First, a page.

CONSCIOUSNESS OF ABSTRACTING 415
by looking over a box of matches, and by noticing the peculiar individuality of each match. But since, by definition, we expect that when we strike a match it should ignite, we may disregard all other characteristics as irrelevant for our purpose. A similar process is at work in other phases of life. We often live, feel happy or unhappy, by what actually amounts to a definition, and not by the empirical, individual facts less coloured by semantic factors. When Smith marries Smith2, they mostly do so by a kind of definition. They have certain notions as to what 'man', 'woman', and 'marriage' 'are' by definition. They actually go through the performance and find that the Smith and his wife, Smith2, have unexpected likes, dislikes, and particularities - in general, characteristic and semantic reactions not included in their definition of the terms 'man', 'woman', 'husband', 'wife', or 'marriage'. Characteristics 'left out' in the definitions make their appearance. 'Disappointments' accumulate, and a more or less unhappy life begins.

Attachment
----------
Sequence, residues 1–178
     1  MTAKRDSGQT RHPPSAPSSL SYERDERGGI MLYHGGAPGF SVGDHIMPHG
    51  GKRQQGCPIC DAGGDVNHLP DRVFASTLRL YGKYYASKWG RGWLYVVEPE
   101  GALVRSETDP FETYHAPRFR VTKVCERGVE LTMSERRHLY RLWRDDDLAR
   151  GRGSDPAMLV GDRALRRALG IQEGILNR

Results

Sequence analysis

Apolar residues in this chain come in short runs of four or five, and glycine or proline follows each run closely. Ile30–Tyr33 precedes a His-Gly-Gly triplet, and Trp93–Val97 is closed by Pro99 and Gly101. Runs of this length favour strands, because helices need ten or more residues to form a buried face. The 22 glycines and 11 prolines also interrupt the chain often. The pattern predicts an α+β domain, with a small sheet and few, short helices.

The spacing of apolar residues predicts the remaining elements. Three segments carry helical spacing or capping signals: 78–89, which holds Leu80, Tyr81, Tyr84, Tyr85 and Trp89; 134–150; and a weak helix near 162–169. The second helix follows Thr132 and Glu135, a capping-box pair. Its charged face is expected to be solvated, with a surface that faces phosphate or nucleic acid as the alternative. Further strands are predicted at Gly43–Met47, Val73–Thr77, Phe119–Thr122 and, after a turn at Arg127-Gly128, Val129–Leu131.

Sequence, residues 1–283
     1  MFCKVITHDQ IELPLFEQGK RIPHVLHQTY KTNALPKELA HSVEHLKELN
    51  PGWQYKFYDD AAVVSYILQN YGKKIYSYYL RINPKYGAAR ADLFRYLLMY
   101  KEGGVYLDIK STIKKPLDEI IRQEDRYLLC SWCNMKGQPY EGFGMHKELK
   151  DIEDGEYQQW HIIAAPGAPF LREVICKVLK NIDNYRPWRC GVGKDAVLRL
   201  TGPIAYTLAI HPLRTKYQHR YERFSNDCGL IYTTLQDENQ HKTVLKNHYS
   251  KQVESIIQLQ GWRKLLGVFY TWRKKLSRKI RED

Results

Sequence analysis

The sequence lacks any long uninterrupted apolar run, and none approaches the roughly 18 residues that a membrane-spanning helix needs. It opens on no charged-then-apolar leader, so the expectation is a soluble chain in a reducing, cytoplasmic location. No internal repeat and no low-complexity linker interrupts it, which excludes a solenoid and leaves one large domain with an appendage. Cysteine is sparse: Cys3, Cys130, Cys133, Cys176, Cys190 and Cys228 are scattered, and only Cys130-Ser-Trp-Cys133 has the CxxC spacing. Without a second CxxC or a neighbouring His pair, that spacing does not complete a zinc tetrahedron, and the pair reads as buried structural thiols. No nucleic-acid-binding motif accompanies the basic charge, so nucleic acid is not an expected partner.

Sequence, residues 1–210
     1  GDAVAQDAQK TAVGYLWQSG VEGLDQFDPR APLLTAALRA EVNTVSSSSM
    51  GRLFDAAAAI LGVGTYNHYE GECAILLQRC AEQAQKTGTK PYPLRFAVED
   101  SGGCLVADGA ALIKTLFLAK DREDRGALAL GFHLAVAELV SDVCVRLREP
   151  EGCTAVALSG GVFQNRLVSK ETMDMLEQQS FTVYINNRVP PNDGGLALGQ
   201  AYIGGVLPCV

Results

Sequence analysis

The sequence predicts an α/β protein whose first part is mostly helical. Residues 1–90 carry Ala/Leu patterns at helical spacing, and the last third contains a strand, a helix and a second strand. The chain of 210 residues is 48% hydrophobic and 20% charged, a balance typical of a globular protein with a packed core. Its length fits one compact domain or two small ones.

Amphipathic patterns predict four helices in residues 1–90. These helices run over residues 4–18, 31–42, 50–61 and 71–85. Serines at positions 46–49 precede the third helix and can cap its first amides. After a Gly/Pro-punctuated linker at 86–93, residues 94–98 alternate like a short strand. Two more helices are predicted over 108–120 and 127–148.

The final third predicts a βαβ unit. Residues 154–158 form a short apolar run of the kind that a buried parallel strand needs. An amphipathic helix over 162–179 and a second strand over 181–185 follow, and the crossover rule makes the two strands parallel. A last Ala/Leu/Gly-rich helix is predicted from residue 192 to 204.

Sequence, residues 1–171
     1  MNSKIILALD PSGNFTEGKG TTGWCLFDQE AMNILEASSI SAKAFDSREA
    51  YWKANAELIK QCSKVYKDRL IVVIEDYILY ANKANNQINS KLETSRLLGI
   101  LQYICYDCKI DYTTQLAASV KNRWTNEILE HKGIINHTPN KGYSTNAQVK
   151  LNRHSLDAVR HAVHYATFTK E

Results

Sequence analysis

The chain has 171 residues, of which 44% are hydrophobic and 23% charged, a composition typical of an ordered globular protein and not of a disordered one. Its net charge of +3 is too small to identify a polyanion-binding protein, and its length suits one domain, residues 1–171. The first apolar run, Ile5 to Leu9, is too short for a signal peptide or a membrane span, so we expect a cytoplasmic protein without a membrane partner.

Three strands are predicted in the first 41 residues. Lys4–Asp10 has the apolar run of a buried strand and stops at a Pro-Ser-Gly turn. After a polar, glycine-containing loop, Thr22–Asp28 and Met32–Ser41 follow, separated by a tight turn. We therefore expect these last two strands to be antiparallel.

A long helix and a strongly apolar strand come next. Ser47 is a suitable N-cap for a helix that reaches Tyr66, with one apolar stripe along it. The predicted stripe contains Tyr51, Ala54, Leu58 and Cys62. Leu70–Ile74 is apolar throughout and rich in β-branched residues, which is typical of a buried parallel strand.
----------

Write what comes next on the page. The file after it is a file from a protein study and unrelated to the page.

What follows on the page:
The above analysis applies to all phases of human life, and appears entirely general because of the structure of 'human knowledge'. Characteristics are discovered when it is too late. The not knowing or the forgetting of the relations explained above does the semantic havoc. On verbal, 'definitional', or doctrinal semantic grounds, we expect something else than what the experiences of life give us. The non-fulfillment of expectation produces a serious affective and semantic shock. If such shocks are repeated again and again, they disorganize the normal working of the nervous system, and often lead to pathological states. An indefinitely large number of experimental facts fully supports the above conclusions. Many of them have been supplied during the World War. Curiously enough, when the soldier did expect horrors, and later experienced them, he seldom became deranged 'mentally'. If he did not fully expect them, and yet had to experience them, he often broke down nervously.
The attack of hay fever at the sight of paper roses, referred to already, gives a similar semantic example. The attack followed from the semantic 'definition' of 'roses', of 'hay fever', and from the situation as-a-whole, and was not due to inspection of the objective 'roses', or to the physico-chemical action of the 'roses'. If the patient had been blindfolded when the paper 'roses' were brought into his presence, no attack would have occurred.
We are now ready to define 'consciousness of abstracting' in simpler terms; namely, in terms of 'memory'. The term 'memory' is structurally a physico-chemical term. It implies that the events are interconnected,